Subscribing to local newspapers—print, online, or both—is an investment in accurate information’s availability, democracy’s strength, our community’s vibrancy, and, as Niran Al-Agba states—our health.
At a 19 Feb. 2021 webinar, American climate leaders from many spheres of influence announced the launching of America Is All In. They talked of the climate actions that have occurred at the subnational level (cities, states, towns) during the last four years, and they projected the climate actions that will occur, now reinforced by federal engagement and with America having rejoined the Paris Climate Accord.
WSU Kitsap Extension publishes an outstanding newsletter with monthly notices of conservation-related education programs, citizen science, and volunteer opportunities. To get on that newsletter, please contact Amy Smalley at email@example.com.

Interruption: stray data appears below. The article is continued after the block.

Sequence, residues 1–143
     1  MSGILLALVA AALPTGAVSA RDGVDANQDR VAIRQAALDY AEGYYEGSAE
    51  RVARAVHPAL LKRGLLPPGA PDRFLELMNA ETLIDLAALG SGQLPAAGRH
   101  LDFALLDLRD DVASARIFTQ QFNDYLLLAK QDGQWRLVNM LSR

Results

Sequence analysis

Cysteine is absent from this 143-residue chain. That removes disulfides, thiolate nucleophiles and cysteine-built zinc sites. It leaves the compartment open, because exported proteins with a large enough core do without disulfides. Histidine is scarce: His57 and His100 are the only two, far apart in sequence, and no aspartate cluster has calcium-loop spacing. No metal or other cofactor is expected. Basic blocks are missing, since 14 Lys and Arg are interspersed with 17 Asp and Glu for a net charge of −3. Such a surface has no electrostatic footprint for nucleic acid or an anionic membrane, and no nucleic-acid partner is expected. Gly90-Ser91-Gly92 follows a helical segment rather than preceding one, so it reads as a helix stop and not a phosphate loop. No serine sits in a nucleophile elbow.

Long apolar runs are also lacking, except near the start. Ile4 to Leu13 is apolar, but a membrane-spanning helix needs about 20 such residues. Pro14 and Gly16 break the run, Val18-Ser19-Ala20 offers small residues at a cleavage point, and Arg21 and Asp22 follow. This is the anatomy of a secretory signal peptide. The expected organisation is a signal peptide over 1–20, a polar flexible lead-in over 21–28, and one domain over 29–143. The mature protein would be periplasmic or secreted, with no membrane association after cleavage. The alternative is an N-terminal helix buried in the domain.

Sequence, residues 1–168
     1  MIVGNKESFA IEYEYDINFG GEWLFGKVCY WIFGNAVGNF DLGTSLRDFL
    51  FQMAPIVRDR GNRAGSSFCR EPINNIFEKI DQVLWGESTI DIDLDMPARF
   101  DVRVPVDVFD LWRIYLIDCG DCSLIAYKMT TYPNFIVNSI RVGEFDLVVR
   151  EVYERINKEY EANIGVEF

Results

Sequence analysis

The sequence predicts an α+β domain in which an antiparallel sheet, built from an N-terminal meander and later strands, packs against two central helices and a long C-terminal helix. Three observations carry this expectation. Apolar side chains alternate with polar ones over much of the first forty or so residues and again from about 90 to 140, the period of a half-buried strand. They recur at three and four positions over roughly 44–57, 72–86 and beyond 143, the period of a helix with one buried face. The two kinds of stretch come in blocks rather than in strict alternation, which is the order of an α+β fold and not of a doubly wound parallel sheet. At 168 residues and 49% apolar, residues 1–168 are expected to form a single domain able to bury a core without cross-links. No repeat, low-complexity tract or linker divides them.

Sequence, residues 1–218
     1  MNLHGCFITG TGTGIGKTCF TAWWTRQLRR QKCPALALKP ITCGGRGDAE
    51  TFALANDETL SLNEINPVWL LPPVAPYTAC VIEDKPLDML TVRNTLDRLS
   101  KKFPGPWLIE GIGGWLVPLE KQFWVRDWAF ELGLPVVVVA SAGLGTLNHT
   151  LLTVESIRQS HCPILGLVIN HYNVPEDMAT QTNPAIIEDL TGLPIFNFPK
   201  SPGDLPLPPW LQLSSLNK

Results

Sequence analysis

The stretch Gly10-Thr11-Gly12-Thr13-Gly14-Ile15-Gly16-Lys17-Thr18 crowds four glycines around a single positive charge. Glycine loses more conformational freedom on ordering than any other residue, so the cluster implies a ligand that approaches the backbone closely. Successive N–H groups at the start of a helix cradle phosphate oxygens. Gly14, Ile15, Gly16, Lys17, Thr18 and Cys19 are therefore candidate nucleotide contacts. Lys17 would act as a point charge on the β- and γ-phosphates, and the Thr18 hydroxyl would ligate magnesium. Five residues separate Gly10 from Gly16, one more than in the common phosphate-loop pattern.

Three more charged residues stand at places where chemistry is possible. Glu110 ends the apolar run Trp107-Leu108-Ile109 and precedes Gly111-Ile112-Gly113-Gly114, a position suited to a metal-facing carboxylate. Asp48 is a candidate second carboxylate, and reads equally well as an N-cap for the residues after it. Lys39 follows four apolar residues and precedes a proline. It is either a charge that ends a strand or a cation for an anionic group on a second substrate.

Per my blog posting yesterday (21 Feb. 2021), Washington State Attorney General Bill Ferguson (who I respect very much), says that Clean Cars 2030 (the bill mandating that all new cars in Washington from 2030 onward be electric) would not survive a court challenge. A counter argument is that we now live in a new world where climate change and mass extinction are proceeding relentlessly and that we need to (and in fact scientists are screaming at us to do so) think boldly and dramatically reduce our greenhouse gas emissions. As the Kitsap Sun opinion piece by Charlie Michel (referenced below) says: now is the time for electric vehicles, and we now have the technology to covert from gas cars to electric cars.